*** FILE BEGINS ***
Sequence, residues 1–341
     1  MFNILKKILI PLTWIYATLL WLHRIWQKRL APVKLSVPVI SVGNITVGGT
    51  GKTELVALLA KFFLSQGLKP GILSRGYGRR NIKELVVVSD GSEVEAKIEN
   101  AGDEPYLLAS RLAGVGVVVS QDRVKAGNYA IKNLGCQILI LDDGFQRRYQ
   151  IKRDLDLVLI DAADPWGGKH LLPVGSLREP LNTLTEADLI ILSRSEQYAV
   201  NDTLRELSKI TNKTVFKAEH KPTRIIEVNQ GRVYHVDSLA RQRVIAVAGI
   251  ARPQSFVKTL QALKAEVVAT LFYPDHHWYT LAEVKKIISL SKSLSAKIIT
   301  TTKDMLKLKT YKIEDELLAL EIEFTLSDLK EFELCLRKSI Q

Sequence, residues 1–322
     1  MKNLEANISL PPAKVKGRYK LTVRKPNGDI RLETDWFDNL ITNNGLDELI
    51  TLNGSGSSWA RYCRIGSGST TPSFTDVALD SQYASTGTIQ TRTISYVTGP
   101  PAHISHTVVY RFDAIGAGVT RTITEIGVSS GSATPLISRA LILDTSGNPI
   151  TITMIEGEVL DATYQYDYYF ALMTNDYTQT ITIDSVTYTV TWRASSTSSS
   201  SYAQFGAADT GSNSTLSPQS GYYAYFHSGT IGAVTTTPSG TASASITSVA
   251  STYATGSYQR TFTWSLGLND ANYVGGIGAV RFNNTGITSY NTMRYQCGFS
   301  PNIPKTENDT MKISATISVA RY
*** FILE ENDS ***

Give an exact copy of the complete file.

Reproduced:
Sequence, residues 1–341
     1  MFNILKKILI PLTWIYATLL WLHRIWQKRL APVKLSVPVI SVGNITVGGT
    51  GKTELVALLA KFFLSQGLKP GILSRGYGRR NIKELVVVSD GSEVEAKIEN
   101  AGDEPYLLAS RLAGVGVVVS QDRVKAGNYA IKNLGCQILI LDDGFQRRYQ
   151  IKRDLDLVLI DAADPWGGKH LLPVGSLREP LNTLTEADLI ILSRSEQYAV
   201  NDTLRELSKI TNKTVFKAEH KPTRIIEVNQ GRVYHVDSLA RQRVIAVAGI
   251  ARPQSFVKTL QALKAEVVAT LFYPDHHWYT LAEVKKIISL SKSLSAKIIT
   301  TTKDMLKLKT YKIEDELLAL EIEFTLSDLK EFELCLRKSI Q

Sequence, residues 1–322
     1  MKNLEANISL PPAKVKGRYK LTVRKPNGDI RLETDWFDNL ITNNGLDELI
    51  TLNGSGSSWA RYCRIGSGST TPSFTDVALD SQYASTGTIQ TRTISYVTGP
   101  PAHISHTVVY RFDAIGAGVT RTITEIGVSS GSATPLISRA LILDTSGNPI
   151  TITMIEGEVL DATYQYDYYF ALMTNDYTQT ITIDSVTYTV TWRASSTSSS
   201  SYAQFGAADT GSNSTLSPQS GYYAYFHSGT IGAVTTTPSG TASASITSVA
   251  STYATGSYQR TFTWSLGLND ANYVGGIGAV RFNNTGITSY NTMRYQCGFS
   301  PNIPKTENDT MKISATISVA RY